Pressed flower prints are a beautiful way to decorate your home and they also make a great gift. Here, a florist explains how to make your own and shares her expert tips on how to ensure they last.
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A bouquet of fresh flowers is a foolproof way to spark joy in your life and liven up your home. The only issue with flowers is that they wilt and die, at best, within a couple of weeks and, at worst, after a few days in water.
Dried flowers are one way to remedy this, but there is actually a way to preserve the vibrancy and original appearance of fresh flowers, which has proved popular on Instagram this summer: flower pressing. Flower pressing is the simple act of preserving fresh flowers by applying pressure to them for a short period of time and displaying them in a frame.
It’s the perfect way to commemorate an anniversary or an event like a wedding – pressing petals from your bouquet to keep forever – and once you have pressed and framed your flowers, you can display them in your home or give them to friends as gifts.
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“Pressing flowers gives them a new lease of life,” says Sarah Butler, a seasonal florist based in the Cotswolds and the founder of the floristry business The Flower Crowd. “Pressed flowers last forever. The colours might fade eventually but they will still look beautiful for years to come.”
Here, Sarah has shared her tutorial for pressing flowers, which requires minimal equipment and time, as well as her expert tips to ensure your pressed flowers feel unique to you and last as long as possible.
What you will need to create a pressed flowers print
- Sharp scissors
- Clear glue
- Small paintbrush
- Baking paper
- 6-8 heavy books (or a flower press)
- Glass frame
- Brown paper washi tape
How to create a pressed flowers print
- Pick fresh flowers from your garden or another outdoor space.
- Snip the stems off your flowers and place the heads of your flowers between two sheets of baking paper.
- Place two books on either side of the baking paper and stack the rest on top.
- Leave your flowers underneath the books for a couple of weeks. Check them after this time. Some of the flowers will go mouldy, which is normal. Simply discard the mouldy ones and re-stack your books, leaving them for 1-2 more weeks.
- After this time, use the tweezers to peel your flowers from the baking paper and transfer them to your glass frame
- Place a tiny dot of clear glue at the bottom of your flower using your paintbrush and place them on your glass frame.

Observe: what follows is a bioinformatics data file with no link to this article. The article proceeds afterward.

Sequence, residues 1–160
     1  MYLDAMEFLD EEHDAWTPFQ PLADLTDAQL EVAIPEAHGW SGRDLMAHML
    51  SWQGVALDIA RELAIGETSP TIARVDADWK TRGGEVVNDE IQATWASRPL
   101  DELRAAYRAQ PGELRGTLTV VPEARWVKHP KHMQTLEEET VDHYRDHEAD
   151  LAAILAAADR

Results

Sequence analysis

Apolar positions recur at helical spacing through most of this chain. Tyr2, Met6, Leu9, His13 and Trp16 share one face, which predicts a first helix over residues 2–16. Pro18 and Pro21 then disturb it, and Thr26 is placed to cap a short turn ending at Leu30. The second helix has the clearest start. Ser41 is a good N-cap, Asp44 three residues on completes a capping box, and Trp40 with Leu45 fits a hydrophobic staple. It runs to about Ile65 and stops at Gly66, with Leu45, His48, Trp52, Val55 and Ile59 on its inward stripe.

Sarah’s expert tips for creating beautiful pressed flower designs
Choose seasonal flowers
“The most important thing you can do to make your pressed flowers the best they can be is choose seasonal flowers,” Sarah says. This is because the flowers will be at their most fresh and vibrant when they’re seasonal, which is the state you want to preserve them in.
Here are Sarah’s recommendations for seasonal flowers to press:
Summer – delphinium and lavender
Autumn – hellebores and grasses
Winter – delicate leaves and ferns
Spring – blossom and anemones
If you can’t find any of these flowers, Sarah suggests asking your local florist for more seasonal recommendations. “Buttercups are a great easy-to-find option in London in summer,” Sarah adds, for anyone who is struggling to find flowers.
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Try and find delicate flowers
“Flowers that are too heavy and bulky won’t work for flower pressing because they will go mouldy,” Sarah says. When you’re picking your flowers, you should try and choose the most delicate flowers you can find.
If you can’t find delicate flowers, you can separate bigger flowers like hydrangeas and take the petals apart to press.
Pick your flowers at the end of the day
You want the flowers you press to be fairly dehydrated, according to Sarah. “Try to pick flowers at the end of the day because they will have been sat in the sun and will be at their most dehydrated at this point,” she says.
Sarah also suggests avoiding picking flowers after it has been raining, as these flowers will not press well and could go mouldy.
Opt for tonal colours
If you’re unsure what kind of design to create on your frame, Sarah says that you should opt for tonal colours to help bring everything together. “This is really easy if you’re picking flowers seasonally. In autumn, for example, the flowers you pick will mostly be of red and yellow tones,” she explains.
You can place as many or as few flowers as you would like on your frame. Sarah says that she likes to scatter her flowers on top of each other to add texture.
You can read more arts and crafts tutorials from The Curiosity Academy at Stylist.co.uk.
Sarah Butler, florist
Sarah is the founder of The Flower Crowd, a ‘wandering florist’ horse box that offers fresh flowers, many of which are home grown in her own garden, at different pop up locations all around the Cotswolds each week.
Images: Sarah Butler
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